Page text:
A recent study discovered a 30% worldwide increase in heart-related ailments and fatalities since 1990, largely attributable to air pollution, specifically minute particles. The research, published on Wednesday in the Journal of the American Heart Association, revealed that men were more affected than women and underprivileged regions suffered a greater impact compared to affluent areas.
The primary offender identified in the study is particulate matter pollution, which consists of external elements like dirt, dust, soot, smoke emanating from coal- and gas-powered plants, vehicle exhaust, agriculture, dust, pollen, and wildfire smoke. Internal sources include the combustion of coal or wood for cooking or heating. These minuscule particles evade the body’s natural defenses, can be effortlessly inhaled, and find their way into the lungs and bloodstream, where they are known to cause various health issues and early death.
The researchers analyzed three decades’ worth of information from the Global Burden of Disease Study, conducted by the Institute for Health Metrics and Evaluation.
Dr. Farshad Farzadfar of Tehran University of Medical Sciences in Iran, the senior author of the study, observed that specific cardiovascular disorders showed a 43% surge in men, compared to a 28% rise in women. During this 30-year period, there was an increase in death and disability resulting from outdoor particulate matter, while indoor-related incidents decreased. Wealthier regions demonstrated longer life spans but higher disability rates, whereas less affluent areas exhibited shorter lifespans with disability but increased early mortality.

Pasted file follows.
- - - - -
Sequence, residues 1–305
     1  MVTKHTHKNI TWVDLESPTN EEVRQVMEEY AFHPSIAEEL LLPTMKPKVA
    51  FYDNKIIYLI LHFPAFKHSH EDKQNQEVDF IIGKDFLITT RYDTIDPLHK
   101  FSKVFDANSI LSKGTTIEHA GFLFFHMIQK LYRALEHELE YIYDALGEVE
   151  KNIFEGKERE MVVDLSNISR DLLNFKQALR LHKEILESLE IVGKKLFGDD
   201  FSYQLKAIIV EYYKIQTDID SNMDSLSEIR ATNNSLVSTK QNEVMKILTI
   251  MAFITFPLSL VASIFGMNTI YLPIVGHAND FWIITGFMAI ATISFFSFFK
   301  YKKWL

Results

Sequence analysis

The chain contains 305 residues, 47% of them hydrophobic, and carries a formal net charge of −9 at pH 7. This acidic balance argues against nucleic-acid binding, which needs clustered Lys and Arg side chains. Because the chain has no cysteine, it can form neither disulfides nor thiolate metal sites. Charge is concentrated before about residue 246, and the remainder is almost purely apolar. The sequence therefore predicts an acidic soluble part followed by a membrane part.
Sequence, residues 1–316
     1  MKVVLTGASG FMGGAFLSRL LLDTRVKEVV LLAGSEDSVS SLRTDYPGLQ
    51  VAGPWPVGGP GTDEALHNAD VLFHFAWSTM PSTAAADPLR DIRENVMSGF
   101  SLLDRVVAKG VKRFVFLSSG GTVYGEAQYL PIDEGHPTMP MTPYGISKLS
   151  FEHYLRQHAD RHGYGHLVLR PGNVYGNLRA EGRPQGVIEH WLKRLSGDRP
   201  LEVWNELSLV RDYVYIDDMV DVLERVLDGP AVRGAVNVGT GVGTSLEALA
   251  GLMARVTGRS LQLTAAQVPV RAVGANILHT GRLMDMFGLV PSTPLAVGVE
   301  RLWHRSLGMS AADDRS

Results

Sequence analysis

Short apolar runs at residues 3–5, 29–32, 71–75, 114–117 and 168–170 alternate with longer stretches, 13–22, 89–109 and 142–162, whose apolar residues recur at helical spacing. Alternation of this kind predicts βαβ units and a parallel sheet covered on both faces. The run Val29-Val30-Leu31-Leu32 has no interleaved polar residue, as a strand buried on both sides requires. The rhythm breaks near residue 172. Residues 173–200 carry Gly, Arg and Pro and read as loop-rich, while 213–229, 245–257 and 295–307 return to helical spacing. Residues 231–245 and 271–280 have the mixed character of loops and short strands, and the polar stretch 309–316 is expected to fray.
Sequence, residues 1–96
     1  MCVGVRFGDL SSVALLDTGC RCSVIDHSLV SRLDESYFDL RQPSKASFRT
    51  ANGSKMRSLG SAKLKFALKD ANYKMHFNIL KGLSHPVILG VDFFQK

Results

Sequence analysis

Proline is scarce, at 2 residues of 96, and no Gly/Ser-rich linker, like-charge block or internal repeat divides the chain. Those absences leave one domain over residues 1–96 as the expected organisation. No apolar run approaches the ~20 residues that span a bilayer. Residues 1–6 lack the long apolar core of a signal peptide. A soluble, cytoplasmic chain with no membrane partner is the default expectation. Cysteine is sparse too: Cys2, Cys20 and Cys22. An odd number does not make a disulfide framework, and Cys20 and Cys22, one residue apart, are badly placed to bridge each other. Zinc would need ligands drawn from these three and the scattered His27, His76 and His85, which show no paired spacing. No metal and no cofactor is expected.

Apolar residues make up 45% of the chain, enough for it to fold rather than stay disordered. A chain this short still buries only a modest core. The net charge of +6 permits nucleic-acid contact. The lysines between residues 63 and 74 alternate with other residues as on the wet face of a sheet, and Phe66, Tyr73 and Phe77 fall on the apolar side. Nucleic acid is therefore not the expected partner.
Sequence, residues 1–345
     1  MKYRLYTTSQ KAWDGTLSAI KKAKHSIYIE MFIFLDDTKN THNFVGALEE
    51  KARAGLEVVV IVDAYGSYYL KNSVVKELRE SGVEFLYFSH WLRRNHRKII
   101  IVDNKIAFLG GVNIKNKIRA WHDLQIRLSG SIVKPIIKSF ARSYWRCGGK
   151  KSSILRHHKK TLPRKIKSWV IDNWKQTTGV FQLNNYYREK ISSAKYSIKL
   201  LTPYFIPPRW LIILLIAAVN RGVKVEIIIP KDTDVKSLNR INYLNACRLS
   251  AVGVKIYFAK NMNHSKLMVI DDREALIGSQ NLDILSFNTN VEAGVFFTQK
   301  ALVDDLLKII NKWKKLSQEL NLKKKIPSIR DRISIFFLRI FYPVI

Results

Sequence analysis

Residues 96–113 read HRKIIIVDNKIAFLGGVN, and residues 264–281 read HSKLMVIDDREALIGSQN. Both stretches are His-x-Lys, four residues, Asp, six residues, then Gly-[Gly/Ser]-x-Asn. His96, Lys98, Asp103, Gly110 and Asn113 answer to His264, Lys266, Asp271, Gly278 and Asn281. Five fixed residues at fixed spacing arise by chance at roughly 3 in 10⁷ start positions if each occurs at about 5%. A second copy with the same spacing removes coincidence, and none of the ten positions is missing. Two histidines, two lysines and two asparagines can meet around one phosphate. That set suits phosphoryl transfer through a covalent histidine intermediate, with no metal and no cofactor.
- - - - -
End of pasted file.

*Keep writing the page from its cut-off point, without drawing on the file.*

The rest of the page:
Dr. Farzadfar provided insight into the reduction in the household air pollution burden from solid fuels, attributing it to improved access to and utilization of cleaner energy sources like refined biomass, ethanol, liquefied petroleum gas, solar, and electricity. Enhancements in stoves and ventilation also contributed to this improvement.
He emphasized the significance of the transition pattern from household pollution caused by solid fuels to outdoor, ambient pollution with particulate matter. According to Dr. Farzadfar, this shift has serious implications for public policy.